Inside: God’s Word, prayer, and fellowship are gifts from the Lord. He uses these to graciously shape us into Christ’s image, strengthen our faith, and grow us in godliness.
As believers in Christ, we are called to be holy, just as God is holy (1 Peter 1:15-16). This journey of sanctification, this pursuit of godliness, is not a sprint but a lifelong marathon. It requires discipline, commitment, and dependence on God’s grace. What does this pursuit look like? How do we run this race marked out for us? Let’s explore three key disciplines — reading and studying God’s Word, prayer, and fellowship — that serve as avenues of God’s grace in our journey toward Christlikeness.
John MacArthur stated on the means of grace of the Word, prayer, and fellowship that they are:
“instruments through which God’s Spirit graciously grows believers in Christlikeness and fortifies them in the faith and conforms them into the image of the Son.”
Listen to the Podcast (45 Minutes) or read the abbreviated post below (6 minutes):
Means of Grace to Grow in Godliness PDF Handout – (all the quotes and verses from the podcast episode are listed in the handout)
EP 10: Spiritual Priorities for the New Year @Thankful Homemaker
Spiritual Priorities Planning Guide @Thankful Homemaker
Daily Time with the Lord Free PDF @Thankful Homemaker
Spiritual Disciplines Series @Thankful Homemaker
EP 127: The Proper Pattern for Prayer (Matthew 6:5-15) @Thankful Homemaker
Bible Reading Plans 2024 @Michelle Lesley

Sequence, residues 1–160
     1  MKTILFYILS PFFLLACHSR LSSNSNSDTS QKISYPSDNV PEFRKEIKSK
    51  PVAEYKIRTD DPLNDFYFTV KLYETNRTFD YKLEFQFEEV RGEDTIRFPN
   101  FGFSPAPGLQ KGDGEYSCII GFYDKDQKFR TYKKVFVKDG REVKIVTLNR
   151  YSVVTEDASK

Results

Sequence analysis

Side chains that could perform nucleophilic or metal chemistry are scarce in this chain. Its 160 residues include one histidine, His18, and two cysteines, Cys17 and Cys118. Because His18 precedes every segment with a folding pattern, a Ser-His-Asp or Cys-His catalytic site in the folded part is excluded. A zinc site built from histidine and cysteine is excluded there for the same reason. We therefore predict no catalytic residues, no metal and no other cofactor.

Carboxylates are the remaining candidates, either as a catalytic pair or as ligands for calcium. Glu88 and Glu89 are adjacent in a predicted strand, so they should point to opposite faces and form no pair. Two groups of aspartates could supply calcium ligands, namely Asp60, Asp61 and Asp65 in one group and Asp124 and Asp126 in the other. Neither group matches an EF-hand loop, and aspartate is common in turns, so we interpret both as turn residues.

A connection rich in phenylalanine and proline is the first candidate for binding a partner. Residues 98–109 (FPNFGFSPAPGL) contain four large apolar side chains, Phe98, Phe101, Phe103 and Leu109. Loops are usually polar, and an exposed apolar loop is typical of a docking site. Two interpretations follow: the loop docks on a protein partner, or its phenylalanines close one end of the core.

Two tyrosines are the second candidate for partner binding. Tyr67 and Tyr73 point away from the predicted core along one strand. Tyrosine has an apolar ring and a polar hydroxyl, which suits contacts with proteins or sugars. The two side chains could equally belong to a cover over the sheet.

Bible Reading Plans 2024 @Ligonier
Infographic: How is Your Prayer Life? @Crossway
Spiritual Disciplines for the Christian Life by Donald Whitney
True Community by Jerry Bridges
The Word of God:
An essential part of any believer’s spiritual journey is the Word of God. It is not merely a book of rules or an ancient text. It is the living, breathing Word of God, a means of grace that God uses to mold us into the image of Christ. When we spend time in God’s Word, we are not just gaining knowledge or seeking to fulfill a religious duty. We are coming to know God Himself. His Word is a lamp to our feet and a light to our path (Psalm 119:105).
As we delve into the Scriptures, we allow our hearts and minds to be shaped by His truth. We allow His Spirit to guide us into all truth (John 16:13). We don’t just read the Word, we meditate on it, we digest it, and we allow it to permeate every aspect of our lives. The Word of God is our daily bread, our spiritual sustenance. It is through His Word that we come to know God, His character, His promises, His commandments, and His love for us.
Donald Whitney states:
No Spiritual Discipline is more important than the intake of God’s Word. Nothing can substitute for it. There simply is no healthy Christian life apart from a diet of the milk and meat of Scripture. The reasons for this are obvious. In the Bible, God tells us about Himself, and especially about Jesus Christ, the incarnation of God.
The Bible unfolds the Law of God to us and shows us how we’ve all broken it. There we learn how Christ died as a sinless, willing Substitute for breakers of God’s Law and how we must repent and believe in Him to be right with God.
In the Bible, we learn the ways and will of the Lord. We find in Scripture how God wants us to live and what brings the most joy and satisfaction in life. None of this eternally essential information can be found anywhere else except the Bible. Therefore if we would know God and be godly, we must know the Word of God—intimately!”
Another means of grace in our pursuit of godliness is prayer. Prayer is our direct line of communication with God. It is through prayer that we express our adoration for God, confess our sins, give thanks for His blessings, intercede for others, and present our requests to Him. But prayer is not just about speaking; it is also about listening, about quieting our hearts and minds to hear from God.